Regarding strengthening partnerships and stakeholder participation, the G-77/CHINA bracketed text on achieving consensus on community land resource allocation and management. SWITZERLAND proposed adding “and traditional” to the reference on incorporating indigenous knowledge. The G-77/CHINA proposed rephrasing it to “traditional knowledge, including indigenous.” The US proposed referencing “smartgrowth initiatives.”
Regarding the use of practices such as conservation agriculture and agroforestry, CANADA, supported by the RUSSIAN FEDERATION, proposed deleting the specific reference to arid and semi-arid lands. SWITZERLAND added reference to avoiding urban sprawl, and the G-77/CHINA called for referencing capacity building in developing countries. The G-77/CHINA proposed replacing a subparagraph on monitoring soil quality and land degradation with one that emphasizes strengthening developing countries’ capacity for such monitoring. CANADA suggested moving a subparagraph on using land’s potential as a carbon sink out of the drought section.
On integrated management of water and land resources, the G-77/CHINA proposed an emphasis on supporting national policies, bracketed subparagraphs on promoting efficient and sustainable water resources and “appropriate management arrangements,” and requested clarification of the reference to “a balance between the different water uses and ecosystems.” The Secretariat explained that this language was in line with that used in documents by UN-Water. The G-77/CHINA highlighted improving the efficiency of water management practices, and reducing coastal erosion and land losses through land-use planning and climate change adaptation programmes.
On land tenure, the G-77/CHINA suggested adding “promote equitable access to land.” The US suggested encouraging the establishment of effective land administration systems that include clear tenure and registration systems to help promote investment and good land management, making use of the latest cost effective information technologies. The G-77/CHINA bracketed the paragraph on creating a menu of options to document and recognize all forms of land rights.
AUSTRALIA said text calling for “access to credit” should be access to “commercial” credit and the G-77/CHINA said access should be “in developing countries.” The US proposed calling for recognition of secondary use rights such as grazing. The G-77/CHINA suggested replacing text calling for ensuring pastoralist grazing rights are adequately protected with text calling for secure access to land through the recognition of land rights, in particular for women, indigenous peoples, and other vulnerable groups. He also proposed adding a section on means of implementation. The US and EU said means of implementation will be discussed in the interlinkages section.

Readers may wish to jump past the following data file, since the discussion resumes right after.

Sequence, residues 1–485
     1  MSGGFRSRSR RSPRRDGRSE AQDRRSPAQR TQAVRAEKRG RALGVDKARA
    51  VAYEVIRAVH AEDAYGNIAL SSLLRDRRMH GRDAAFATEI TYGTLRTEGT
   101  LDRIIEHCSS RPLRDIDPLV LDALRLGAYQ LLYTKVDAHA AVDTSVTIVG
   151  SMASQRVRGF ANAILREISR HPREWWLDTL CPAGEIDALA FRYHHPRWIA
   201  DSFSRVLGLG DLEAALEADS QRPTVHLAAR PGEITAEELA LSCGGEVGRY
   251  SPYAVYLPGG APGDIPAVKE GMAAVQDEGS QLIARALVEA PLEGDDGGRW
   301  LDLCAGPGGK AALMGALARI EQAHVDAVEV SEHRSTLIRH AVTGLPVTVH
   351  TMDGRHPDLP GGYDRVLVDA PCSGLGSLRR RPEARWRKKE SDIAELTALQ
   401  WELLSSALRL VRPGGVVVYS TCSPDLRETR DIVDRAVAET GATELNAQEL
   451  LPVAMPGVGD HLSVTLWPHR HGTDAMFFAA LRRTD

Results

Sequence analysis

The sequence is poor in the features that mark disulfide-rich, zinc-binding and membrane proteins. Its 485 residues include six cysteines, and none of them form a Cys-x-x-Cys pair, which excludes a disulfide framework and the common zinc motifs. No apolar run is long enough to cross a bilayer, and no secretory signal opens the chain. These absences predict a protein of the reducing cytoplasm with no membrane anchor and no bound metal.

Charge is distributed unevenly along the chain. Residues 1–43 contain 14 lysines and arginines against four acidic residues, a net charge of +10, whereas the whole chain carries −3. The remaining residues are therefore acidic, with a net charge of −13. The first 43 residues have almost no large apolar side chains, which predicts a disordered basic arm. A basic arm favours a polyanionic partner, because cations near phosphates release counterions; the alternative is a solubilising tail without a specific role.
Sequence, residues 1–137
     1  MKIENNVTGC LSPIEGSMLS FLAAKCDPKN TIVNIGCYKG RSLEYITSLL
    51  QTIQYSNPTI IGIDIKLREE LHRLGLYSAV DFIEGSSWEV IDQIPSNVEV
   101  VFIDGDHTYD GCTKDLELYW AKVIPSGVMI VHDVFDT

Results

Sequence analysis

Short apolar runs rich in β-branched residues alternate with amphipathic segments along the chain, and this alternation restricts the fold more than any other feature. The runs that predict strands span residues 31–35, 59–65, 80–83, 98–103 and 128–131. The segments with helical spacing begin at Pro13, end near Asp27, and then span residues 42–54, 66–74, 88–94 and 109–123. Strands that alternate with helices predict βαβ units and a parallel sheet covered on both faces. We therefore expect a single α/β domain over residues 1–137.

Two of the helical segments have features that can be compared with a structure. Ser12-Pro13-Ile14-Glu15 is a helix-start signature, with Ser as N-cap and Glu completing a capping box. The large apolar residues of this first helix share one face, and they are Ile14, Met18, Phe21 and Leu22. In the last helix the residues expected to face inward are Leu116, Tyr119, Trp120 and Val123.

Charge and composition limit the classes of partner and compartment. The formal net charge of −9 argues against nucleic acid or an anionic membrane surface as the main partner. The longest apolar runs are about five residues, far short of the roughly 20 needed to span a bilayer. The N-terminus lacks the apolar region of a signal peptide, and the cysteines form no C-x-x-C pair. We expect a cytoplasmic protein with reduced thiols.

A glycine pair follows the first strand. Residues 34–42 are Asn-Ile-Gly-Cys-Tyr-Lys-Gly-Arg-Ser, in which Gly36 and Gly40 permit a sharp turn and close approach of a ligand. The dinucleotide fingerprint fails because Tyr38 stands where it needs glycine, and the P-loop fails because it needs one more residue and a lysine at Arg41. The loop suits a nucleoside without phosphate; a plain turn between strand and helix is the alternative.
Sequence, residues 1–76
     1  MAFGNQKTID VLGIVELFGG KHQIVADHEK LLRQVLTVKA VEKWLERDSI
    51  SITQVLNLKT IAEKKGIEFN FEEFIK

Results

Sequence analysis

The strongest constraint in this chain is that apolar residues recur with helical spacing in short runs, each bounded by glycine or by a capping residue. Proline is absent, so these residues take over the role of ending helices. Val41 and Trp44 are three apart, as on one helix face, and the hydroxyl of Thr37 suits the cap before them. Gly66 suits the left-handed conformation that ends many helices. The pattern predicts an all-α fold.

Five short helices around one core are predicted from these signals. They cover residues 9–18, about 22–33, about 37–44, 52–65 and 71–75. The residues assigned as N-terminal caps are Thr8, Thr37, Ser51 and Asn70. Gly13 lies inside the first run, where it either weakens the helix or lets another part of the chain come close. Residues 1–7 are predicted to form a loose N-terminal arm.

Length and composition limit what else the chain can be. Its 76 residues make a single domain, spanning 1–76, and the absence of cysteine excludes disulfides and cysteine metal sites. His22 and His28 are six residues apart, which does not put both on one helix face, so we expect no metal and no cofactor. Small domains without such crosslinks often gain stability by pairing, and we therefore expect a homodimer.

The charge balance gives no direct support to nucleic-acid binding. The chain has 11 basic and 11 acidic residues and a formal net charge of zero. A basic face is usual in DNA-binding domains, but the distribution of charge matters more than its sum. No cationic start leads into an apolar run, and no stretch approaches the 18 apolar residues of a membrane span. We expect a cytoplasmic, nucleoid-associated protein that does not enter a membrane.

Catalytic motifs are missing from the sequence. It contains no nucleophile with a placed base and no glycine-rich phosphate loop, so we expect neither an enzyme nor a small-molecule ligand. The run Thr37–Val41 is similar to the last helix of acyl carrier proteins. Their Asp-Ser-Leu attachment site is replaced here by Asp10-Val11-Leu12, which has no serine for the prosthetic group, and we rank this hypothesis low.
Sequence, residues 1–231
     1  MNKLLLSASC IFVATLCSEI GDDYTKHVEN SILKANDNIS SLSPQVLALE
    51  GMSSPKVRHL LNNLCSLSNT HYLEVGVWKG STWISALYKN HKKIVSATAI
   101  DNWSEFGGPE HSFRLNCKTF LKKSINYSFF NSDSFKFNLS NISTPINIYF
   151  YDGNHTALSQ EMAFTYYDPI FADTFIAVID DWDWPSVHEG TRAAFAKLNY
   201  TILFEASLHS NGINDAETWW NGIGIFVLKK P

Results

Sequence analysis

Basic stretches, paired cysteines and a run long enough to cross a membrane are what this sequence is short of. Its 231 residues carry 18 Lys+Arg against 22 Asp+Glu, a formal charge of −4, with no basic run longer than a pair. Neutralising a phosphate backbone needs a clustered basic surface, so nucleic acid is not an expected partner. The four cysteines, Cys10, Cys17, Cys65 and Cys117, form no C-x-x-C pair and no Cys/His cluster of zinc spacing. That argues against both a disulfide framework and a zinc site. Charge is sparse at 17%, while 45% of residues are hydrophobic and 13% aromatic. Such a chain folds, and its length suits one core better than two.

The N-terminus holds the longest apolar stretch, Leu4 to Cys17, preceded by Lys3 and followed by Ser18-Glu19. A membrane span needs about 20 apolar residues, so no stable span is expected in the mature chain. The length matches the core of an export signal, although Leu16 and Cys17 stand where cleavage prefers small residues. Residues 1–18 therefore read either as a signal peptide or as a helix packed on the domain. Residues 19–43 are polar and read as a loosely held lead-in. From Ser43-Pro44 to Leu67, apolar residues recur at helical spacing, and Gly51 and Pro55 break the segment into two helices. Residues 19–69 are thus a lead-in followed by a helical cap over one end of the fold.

CANADA, supported by the EU, suggested amending the opening paragraph to refer to “drought management” rather than “drought prevention,” NORWAY proposed text on disaster risk reduction, the G-77/CHINA proposed text on contingency planning, and the US proposed adding a passage on “the maintenance of economic and ecosystem services” and replacing the reference to “water basin management” with “watershed management.”
IN THE CORRIDORS
Many participants seemed to appreciate that the CSD negotiations had gotten off to a good start, and they expressed relief that the minor confusion over which draft would serve as a basis for the talks has been left behind. When delegates left the IPM in February, some wondered about the exact way the negotiators would address the Chair’s draft negotiating text, which was presented on the last afternoon of the session. As the CSD 17
began, two versions of that draft, one dated 24 March and the other 26 March, were in circulation.
Nevertheless, delegates indicated that the draft offers a good starting point, and noted that the first reading was proceeding well. Still, some did not seem to be tuned into the mode through which the Secretariat intends to make the negotiating text available. According to the Secretariat, as reported in the UN Journal, delegations can request a user name and password from email@example.com
to access an “e-room” where the updated text will be placed. A hard copy version is expected to be distributed to the major groups at 9:00 am.